Council members are supportive of addressing the root causes and drivers of conflict in the Great Lakes region through a comprehensive regional approach. During negotiations on the 16 October presidential statement on the situation in the DRC, however, the Council’s three African members (Gabon, Ghana, and Mozambique) sought to remove references to regional initiatives under the auspices of the EAC and the ICGLR, including the EACRF. Other members such as the US have urged the Council to avoid endorsing the EACRF without appropriate safeguards to address human rights, accountability, and command-and-control concerns. (For more information, see our 13 October What’s in Blue story.)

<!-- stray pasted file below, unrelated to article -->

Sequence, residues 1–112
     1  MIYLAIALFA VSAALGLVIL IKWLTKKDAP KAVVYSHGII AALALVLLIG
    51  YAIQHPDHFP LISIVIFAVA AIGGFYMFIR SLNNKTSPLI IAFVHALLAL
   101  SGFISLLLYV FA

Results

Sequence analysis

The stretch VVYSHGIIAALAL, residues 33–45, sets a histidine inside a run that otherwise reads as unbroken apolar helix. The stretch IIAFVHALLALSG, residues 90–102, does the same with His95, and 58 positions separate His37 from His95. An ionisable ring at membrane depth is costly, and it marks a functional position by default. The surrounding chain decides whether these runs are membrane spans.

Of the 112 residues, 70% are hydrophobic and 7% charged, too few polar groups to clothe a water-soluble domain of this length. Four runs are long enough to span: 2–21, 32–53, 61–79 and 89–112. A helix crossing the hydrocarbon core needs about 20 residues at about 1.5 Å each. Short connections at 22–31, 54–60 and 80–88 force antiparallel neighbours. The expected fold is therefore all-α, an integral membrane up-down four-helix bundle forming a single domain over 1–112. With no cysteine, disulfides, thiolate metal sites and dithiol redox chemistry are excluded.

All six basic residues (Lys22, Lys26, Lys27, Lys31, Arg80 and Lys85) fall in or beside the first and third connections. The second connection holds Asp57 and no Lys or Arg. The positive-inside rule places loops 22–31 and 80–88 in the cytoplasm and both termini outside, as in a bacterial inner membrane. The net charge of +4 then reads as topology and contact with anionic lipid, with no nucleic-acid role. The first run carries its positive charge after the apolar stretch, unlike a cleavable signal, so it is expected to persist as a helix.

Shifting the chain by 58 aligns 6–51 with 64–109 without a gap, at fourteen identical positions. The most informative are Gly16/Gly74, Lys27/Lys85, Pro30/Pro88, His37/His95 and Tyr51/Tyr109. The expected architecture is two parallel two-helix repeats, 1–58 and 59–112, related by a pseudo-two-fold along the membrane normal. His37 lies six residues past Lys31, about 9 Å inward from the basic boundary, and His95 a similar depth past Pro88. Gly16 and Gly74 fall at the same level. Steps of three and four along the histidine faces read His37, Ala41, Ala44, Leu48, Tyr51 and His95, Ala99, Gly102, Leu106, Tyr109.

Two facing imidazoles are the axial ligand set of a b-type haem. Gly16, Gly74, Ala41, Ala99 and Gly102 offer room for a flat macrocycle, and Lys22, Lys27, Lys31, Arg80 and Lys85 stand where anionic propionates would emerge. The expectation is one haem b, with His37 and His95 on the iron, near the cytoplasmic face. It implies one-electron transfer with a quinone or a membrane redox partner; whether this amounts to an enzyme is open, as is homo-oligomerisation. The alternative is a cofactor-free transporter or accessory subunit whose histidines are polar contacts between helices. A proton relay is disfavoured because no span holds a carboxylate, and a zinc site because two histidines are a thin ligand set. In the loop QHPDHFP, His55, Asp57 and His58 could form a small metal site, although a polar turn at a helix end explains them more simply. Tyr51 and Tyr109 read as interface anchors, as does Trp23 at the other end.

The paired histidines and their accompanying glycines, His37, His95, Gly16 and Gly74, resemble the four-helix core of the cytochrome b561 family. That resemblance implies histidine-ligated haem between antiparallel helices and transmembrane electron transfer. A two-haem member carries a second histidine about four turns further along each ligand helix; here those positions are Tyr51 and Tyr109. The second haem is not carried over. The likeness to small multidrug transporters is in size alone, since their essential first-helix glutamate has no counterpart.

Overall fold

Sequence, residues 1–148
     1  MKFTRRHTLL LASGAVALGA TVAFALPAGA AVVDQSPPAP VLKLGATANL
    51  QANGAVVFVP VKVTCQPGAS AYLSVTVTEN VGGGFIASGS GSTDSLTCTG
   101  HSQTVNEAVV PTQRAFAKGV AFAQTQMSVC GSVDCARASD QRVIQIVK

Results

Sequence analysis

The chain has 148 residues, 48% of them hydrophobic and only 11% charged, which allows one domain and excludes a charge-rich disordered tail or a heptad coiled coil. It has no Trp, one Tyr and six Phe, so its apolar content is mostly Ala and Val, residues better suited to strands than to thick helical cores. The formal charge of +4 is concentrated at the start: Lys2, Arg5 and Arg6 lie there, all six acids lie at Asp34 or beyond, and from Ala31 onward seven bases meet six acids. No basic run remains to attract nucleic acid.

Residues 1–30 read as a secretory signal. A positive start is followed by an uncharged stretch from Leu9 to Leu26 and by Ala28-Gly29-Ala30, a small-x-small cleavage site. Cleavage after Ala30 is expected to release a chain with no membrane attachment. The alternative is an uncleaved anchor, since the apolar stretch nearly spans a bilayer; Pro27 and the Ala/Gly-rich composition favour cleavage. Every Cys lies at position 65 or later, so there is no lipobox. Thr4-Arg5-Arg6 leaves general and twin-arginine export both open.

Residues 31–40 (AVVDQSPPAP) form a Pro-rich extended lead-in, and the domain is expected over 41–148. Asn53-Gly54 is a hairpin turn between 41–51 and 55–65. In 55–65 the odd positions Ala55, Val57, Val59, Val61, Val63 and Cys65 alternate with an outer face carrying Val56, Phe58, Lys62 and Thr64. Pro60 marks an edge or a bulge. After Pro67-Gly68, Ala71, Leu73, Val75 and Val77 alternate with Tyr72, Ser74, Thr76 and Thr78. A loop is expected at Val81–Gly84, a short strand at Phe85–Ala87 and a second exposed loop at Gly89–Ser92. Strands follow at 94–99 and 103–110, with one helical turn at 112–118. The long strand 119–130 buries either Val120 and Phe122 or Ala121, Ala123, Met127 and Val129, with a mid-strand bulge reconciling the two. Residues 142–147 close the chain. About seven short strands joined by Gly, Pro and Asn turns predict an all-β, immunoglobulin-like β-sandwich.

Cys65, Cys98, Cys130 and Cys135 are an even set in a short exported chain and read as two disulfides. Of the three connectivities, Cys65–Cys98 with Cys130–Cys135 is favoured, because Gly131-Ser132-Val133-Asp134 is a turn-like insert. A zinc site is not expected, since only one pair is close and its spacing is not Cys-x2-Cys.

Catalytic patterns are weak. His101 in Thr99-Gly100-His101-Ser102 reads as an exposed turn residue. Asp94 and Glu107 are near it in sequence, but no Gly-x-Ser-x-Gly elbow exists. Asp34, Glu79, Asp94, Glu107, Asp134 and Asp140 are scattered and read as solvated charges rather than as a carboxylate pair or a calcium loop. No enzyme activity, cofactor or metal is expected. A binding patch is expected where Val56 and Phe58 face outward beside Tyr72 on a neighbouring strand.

The other divisive issue among Council members is the tense relationship between the DRC and Rwanda. Reports of the Group of Experts assisting the 1533 DRC Sanctions Committee have implicated Rwanda for supporting the M23 and the DRC for supporting the FDLR. France and the US have been vocal on this issue and other members have also referenced it in their interventions since the Council’s visiting mission to the DRC in March. In August, the US announced its decision to impose sanctions on six individuals who it said have contributed to the most recent escalation of conflict in eastern DRC. On 27 September, France, the UK, and the US jointly proposed designating one individual belonging to the M23 and another belonging to the FDLR under the 1533 DRC sanctions regime. Several months earlier, Rwanda had also proposed names for designation, but it seems that Council members have not yet agreed to designate the individuals proposed by Rwanda. At a 28 September Council meeting on the DRC, the country’s Vice Prime Minister and Foreign Minister Christophe Lutundula said that his government has also submitted names of persons identified in the Group of Experts report for designation under the sanctions regime.